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« Reply #139 on: January 09, 2012, 10:17:58 AM »

Actually Davila and Sandana seem to both be names from Castille y Leon (kind of northern and just inland from Cantabria etc) while Chavez is often Portuguese.  That does kind of place the two negatives in western Iberia and the two positives more north-easterly.  I love trying to spot patterns lol.  Cant help myself!

The patterns you spot are helpful. You were the one who predicted that L21 would be (or might be) common in France, and you were ultimately proven right.

There may be something to that possible Gangani/Concani connection to Z253 you mentioned earlier.

I think northern France was an absolute cert for L21 given its the main source of contact with the isles through much of prehistory and again in the high Medieval period.  What I did get wrong was I didnt realise L21 was more Atlantic in its continental centre of gravity  than U152 because of the misleading pileup of south German L21 that quickly and steadily came through hobby testing.  However, if we hadnt done the funded French testing, we could have wrongly thought it was a south German cluster for a long time.    
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« Reply #140 on: January 09, 2012, 02:33:43 PM »

I have no time to respond your questions in detail and I have treated these arguments many times and in many postings. I have criticized your use of the modal values, which are conceived by you only like the most diffused, but which proof have you that those were the original ones? None.
Let’s take the two Spanish guys (R-Z253) quoted by Rich Stevens:

the former has DYS464=15-15-17-17
the latter has DYS464=14-15-16-17

By your reasoning the former would be the modal unchanged, and the latter would have had two mutations in a and c, both backwards. But how can you presuppose this? Only by a prejudice, i.e. by its etymology a judgment done before any proof. And you don’t know how many mutations may have happened from the original DYS464, how many mutations around the modal, how many convergence to the modal, how many mutations for the tangent may be happened.

14-15-16-17 was probably the set before my 14-14-16-17, and before probably a 14-15-16-18, thought the modal of R-L23. But, also here, how many mutations etc etc? This is worth for every marker. I have said many times that your “modal” is worth nothing. Why DYS19 of R-L23 could be 14 and not my 15, seen that haplogroups  upstream mine have 15 and not 14 etc etc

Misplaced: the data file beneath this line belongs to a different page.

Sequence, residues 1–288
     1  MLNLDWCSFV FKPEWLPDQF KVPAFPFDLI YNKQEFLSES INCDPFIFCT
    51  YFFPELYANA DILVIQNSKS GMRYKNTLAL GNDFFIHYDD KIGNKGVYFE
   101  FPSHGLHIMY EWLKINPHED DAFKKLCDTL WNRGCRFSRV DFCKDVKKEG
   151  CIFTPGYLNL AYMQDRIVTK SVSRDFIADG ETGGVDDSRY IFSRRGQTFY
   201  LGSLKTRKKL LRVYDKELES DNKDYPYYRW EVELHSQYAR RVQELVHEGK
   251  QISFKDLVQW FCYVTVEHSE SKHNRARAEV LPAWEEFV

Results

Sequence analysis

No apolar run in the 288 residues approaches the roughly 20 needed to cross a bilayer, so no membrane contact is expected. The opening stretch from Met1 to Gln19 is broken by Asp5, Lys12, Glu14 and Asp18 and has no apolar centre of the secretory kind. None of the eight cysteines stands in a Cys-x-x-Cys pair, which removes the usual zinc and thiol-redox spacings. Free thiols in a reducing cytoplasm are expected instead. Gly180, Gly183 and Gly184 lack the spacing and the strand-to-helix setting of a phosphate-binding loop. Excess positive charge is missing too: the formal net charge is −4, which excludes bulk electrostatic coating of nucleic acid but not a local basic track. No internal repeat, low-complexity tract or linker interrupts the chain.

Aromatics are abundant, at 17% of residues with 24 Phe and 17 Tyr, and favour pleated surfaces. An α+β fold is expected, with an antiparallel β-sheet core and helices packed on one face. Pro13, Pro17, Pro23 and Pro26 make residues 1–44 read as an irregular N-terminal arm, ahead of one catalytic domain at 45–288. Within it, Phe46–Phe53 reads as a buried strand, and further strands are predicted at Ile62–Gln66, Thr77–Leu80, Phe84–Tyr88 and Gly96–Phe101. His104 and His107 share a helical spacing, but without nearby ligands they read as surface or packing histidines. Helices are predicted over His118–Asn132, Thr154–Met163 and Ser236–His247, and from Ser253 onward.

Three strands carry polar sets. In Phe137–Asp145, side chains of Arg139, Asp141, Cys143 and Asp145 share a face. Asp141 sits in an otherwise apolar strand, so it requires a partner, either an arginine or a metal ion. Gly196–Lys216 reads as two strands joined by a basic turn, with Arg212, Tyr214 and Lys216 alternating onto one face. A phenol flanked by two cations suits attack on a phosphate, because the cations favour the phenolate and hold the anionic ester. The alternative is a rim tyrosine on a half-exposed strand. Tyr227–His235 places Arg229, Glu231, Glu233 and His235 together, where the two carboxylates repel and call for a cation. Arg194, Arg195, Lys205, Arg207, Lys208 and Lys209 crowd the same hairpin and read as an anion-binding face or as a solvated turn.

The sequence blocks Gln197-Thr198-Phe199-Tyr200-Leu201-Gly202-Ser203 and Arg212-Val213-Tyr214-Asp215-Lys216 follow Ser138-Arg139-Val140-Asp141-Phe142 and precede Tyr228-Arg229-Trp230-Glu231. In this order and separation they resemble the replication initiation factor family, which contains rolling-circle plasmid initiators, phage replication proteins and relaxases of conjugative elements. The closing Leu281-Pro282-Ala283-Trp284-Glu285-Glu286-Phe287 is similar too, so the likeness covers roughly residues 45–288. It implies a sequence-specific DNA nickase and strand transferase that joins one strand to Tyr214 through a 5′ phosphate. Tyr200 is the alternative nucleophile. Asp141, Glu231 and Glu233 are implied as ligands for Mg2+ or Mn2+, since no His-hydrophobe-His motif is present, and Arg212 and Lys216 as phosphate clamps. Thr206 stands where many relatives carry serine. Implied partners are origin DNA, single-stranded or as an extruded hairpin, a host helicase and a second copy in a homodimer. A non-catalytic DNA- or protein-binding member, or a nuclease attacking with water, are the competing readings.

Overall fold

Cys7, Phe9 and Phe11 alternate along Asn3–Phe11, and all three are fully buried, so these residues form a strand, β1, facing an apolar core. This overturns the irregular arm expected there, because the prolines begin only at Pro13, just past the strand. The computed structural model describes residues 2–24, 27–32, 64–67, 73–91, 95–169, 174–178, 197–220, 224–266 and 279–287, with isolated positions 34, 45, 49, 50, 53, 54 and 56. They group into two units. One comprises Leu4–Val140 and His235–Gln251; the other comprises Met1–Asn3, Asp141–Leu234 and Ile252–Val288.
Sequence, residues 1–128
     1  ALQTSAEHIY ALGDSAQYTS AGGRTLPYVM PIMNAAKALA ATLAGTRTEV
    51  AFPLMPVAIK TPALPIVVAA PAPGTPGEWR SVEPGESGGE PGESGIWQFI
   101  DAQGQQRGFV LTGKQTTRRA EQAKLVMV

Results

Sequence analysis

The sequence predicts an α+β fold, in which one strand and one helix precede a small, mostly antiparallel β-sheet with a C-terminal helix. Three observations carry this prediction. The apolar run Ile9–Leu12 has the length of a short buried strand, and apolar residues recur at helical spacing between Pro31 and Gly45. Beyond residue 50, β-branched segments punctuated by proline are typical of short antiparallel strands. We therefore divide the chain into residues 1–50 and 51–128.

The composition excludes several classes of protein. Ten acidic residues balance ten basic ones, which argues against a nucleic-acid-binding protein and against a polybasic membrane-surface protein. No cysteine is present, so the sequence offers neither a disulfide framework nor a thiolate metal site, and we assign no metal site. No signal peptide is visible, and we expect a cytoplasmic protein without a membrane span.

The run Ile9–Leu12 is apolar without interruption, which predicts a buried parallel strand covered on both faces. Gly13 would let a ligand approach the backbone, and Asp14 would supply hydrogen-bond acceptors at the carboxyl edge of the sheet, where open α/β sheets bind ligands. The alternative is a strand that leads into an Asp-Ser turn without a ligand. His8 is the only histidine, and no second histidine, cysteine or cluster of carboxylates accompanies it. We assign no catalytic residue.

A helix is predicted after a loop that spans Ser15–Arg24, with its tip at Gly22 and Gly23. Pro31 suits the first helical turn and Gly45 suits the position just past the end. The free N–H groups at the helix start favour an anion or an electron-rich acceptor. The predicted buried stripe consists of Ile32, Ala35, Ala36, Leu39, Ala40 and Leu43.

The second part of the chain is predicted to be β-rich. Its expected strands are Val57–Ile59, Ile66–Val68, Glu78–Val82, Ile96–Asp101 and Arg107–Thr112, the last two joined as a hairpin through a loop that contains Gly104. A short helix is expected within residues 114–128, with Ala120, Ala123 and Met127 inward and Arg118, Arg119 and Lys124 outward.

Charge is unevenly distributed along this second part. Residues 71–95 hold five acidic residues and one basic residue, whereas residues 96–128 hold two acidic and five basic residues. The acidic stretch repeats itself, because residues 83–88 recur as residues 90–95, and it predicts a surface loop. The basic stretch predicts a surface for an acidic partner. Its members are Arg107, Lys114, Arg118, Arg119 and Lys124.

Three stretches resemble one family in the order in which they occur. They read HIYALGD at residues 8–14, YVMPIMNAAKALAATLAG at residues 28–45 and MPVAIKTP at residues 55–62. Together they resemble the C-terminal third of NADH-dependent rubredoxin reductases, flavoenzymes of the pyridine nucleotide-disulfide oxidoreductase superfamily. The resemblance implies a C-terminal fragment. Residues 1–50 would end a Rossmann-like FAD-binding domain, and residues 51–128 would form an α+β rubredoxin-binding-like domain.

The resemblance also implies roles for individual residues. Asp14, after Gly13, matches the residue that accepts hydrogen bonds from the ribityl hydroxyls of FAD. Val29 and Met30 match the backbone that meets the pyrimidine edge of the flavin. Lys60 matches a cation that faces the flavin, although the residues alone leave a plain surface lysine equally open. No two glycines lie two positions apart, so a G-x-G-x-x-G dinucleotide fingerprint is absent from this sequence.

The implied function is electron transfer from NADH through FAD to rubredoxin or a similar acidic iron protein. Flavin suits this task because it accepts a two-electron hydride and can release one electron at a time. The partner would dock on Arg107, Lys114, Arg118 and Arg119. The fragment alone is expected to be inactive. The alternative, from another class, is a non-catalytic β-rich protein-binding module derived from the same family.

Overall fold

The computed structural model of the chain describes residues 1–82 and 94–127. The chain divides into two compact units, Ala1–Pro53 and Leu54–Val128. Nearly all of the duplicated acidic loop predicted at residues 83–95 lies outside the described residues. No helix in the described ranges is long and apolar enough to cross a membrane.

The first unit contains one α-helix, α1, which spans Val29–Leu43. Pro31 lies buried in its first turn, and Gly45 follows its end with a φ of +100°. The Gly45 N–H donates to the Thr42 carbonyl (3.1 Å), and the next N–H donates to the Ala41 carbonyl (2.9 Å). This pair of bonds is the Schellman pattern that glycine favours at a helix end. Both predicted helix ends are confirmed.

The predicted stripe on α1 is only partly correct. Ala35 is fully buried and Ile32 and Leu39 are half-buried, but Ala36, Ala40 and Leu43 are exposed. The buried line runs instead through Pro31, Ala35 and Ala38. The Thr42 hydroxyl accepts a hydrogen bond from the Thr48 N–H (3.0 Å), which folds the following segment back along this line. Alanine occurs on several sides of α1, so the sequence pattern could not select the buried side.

To my a few friends, whom now I don’t consider so, I suggested to reconstruct their modal step by step and not taking the most diffused values.

See about this what are saying Anatole Klyosov on Rootsweb, after that I have criticized his method on “Dienekes’ Anthropology blog” and defined his work (important in his field: Chemistry) an impressive waste of time:

“The same situation exists in E-V13 subclade. The currently living people give the TMRCA of ~ 3400 ybp. However, the excavated remnant gave 7,000 ybp for E-V13. It is not a discrepancy, it is of a different meaning. The lineage is ancient, however, at some point between 7,000 and 3,400 the lineage was clinging on the brink of extinction”.
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Maliclavelli


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« Reply #141 on: January 09, 2012, 03:04:35 PM »

...  The DYS464=13, 13, 15,17 of the Irish III/Dalcassian demonstrates, I think, by its low values in a and b, its ancientness and the link with the ancestral values of R1b1* and first subclades. I, who am R-L23, have only 14,14 in a,b. ....
Let's think this through a bit.  You are saying Irish III's (I'll call it L226) low values at 464a and 464b reflect "ancientness" because some folks who are L23*, like yourself also have low values as well.

Please look at the establish Y DNA phlyogeny for L226 and back upstream.
http://isogg.org/tree/ISOGG_HapgrpR.html
L226 descends from Z253 which descends from L21 which descends from P312 which descends from L11, etc.

We've got all of the data. The modal at 464a,b for L21 is 15,15. This is not a marginal statement. From our DNA projects for L21:

464a
3480 have 15
408 have 14
274 have 13

464b
2933 have 15
59 have 14
195 have 13

So for low values like 14 or 13 to be the ancestral values for L21 means those folks had extremely bad luck while the guys who had 464a,b=15,15 just took off.  For L21 maybe this happened so the low values are ancestral - just the 15,15 guys were lucky.'

We go up the next step to P312 what do we find?  The same thing. 464a,b=15,15 is the clear modal for P312. L21 brother U152 also has 15,15 underneath P312... so does brother Z196.

Let's go back another step to L11.  The same. L11's modal is 15,15. L11*'s is also 15,15.

It would amazing for the ancestral lineage back to L23 to have the low 464a,b values carry forward through the descendants down to L226 while at least three different times, L11, P312 and L21 - different 15,15 guys became much, much more numerous after having their mutations to 15,15.